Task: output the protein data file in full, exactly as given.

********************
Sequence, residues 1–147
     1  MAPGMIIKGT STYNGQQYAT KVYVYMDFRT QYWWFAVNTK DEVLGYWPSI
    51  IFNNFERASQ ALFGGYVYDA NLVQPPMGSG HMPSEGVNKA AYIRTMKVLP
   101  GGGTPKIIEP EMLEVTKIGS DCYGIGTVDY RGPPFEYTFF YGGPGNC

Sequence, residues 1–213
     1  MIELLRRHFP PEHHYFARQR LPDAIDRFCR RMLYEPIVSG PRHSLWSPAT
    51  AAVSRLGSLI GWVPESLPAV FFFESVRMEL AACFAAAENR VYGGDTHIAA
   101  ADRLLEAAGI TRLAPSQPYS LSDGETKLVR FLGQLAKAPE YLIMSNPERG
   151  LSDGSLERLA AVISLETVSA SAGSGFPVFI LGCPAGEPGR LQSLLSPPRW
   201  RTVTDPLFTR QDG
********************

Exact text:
Sequence, residues 1–147
     1  MAPGMIIKGT STYNGQQYAT KVYVYMDFRT QYWWFAVNTK DEVLGYWPSI
    51  IFNNFERASQ ALFGGYVYDA NLVQPPMGSG HMPSEGVNKA AYIRTMKVLP
   101  GGGTPKIIEP EMLEVTKIGS DCYGIGTVDY RGPPFEYTFF YGGPGNC

Sequence, residues 1–213
     1  MIELLRRHFP PEHHYFARQR LPDAIDRFCR RMLYEPIVSG PRHSLWSPAT
    51  AAVSRLGSLI GWVPESLPAV FFFESVRMEL AACFAAAENR VYGGDTHIAA
   101  ADRLLEAAGI TRLAPSQPYS LSDGETKLVR FLGQLAKAPE YLIMSNPERG
   151  LSDGSLERLA AVISLETVSA SAGSGFPVFI LGCPAGEPGR LQSLLSPPRW
   201  RTVTDPLFTR QDG